Founding-Era Conventions and the Meaning of the Constitution’s 'Convention for Proposing Amendments'
Robert G. Natelson
The Independence Institute; Montana Policy Institute
April 22, 2012
Florida Law Review, Vol. 65, 2013
Under Article V of the U.S. Constitution, two thirds of state legislatures may require Congress to call a “Convention for proposing Amendments.” Because this procedure has never been used, commentators frequently debate the composition of the convention and the rules governing the application and convention process. However, the debate has proceeded almost entirely without knowledge of the many multi-colony and multi-state conventions held during the eighteenth century, of which the Constitutional Convention was only one. These conventions were governed by universally-accepted convention practices and protocols. This Article surveys those conventions and shows how their practices and protocols shaped the meaning of Article V.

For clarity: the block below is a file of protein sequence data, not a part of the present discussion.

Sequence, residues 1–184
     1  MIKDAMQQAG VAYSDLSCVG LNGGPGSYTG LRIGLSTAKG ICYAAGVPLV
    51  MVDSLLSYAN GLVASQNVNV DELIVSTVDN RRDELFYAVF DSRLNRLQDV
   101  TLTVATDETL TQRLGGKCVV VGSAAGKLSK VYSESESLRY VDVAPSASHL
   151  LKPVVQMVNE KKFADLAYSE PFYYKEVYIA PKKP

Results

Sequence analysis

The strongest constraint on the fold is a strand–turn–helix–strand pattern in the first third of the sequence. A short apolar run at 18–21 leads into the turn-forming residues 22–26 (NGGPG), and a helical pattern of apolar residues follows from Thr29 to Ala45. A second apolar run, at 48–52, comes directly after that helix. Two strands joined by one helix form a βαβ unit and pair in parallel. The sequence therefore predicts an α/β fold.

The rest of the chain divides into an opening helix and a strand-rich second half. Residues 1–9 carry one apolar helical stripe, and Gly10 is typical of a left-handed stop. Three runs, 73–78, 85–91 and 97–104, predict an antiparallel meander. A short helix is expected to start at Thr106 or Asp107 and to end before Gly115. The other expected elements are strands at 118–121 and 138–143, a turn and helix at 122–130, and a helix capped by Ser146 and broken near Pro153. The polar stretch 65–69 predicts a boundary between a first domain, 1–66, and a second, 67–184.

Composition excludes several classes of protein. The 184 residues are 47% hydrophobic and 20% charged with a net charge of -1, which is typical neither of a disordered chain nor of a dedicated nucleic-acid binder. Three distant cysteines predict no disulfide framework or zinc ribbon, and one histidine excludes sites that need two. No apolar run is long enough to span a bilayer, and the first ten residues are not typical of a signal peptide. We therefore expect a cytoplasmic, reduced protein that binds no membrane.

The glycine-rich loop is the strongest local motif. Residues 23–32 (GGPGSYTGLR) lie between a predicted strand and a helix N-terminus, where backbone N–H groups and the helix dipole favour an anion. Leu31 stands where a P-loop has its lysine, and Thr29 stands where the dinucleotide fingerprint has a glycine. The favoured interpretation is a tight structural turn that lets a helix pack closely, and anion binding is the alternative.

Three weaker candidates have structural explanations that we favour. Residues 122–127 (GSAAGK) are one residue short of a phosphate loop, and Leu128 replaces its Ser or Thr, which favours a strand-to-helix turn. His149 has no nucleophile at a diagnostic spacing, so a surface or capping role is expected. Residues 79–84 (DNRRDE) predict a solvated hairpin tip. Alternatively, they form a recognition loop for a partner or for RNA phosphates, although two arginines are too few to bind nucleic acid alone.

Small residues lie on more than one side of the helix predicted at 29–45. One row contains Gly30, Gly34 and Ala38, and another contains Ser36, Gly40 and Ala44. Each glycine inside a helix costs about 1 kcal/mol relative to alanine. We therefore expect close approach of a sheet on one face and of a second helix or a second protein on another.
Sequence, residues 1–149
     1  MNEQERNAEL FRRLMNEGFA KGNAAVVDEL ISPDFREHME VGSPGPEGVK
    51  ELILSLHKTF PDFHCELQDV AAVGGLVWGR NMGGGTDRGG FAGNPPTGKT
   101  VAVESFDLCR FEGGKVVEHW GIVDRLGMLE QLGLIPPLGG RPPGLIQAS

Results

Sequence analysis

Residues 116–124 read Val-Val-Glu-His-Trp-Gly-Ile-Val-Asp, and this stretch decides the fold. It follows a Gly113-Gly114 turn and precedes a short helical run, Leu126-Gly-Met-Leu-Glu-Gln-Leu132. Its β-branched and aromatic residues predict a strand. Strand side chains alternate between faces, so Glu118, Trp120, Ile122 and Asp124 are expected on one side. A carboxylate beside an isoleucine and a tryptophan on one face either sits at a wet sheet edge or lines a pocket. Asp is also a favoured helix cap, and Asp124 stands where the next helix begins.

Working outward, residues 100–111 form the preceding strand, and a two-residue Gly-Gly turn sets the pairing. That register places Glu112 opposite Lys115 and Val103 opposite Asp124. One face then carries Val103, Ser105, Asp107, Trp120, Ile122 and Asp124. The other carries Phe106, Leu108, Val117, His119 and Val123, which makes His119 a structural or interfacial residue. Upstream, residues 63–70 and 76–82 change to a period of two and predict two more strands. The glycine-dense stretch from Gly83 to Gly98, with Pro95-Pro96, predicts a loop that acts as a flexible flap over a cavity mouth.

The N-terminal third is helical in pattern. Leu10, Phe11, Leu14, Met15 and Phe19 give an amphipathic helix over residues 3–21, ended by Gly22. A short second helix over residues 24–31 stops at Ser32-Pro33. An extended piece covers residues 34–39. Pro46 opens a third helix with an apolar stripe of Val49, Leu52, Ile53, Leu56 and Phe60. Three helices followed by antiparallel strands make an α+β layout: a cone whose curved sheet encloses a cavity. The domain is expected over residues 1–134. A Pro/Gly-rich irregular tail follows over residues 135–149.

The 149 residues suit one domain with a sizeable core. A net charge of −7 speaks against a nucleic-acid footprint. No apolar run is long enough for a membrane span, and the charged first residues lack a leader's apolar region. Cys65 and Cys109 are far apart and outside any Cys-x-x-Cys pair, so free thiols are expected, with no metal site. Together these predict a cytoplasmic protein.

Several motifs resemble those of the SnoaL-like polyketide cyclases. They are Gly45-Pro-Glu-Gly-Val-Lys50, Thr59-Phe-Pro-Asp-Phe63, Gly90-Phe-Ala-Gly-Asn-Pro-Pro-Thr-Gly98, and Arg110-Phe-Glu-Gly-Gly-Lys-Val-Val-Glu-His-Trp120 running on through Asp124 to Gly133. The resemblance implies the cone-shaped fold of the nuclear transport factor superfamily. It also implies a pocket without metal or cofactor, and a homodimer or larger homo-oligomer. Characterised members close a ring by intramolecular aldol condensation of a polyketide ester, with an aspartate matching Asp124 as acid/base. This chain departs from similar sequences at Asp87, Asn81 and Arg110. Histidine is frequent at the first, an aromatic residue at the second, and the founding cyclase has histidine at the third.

Number of Pages in PDF File: 76
Keywords: constitution, constitutional law, constitutional amendments, Article V, convention, constitutional convention, amendments convention, Article V convention, constitutional amendments
JEL Classification: K1, K20, K30, K49Accepted Paper Series
Date posted: April 23, 2012 ; Last revised: April 10, 2013
© 2014 Social Science Electronic Publishing, Inc. All Rights Reserved.
This page was processed by apollo1 in 0.266 seconds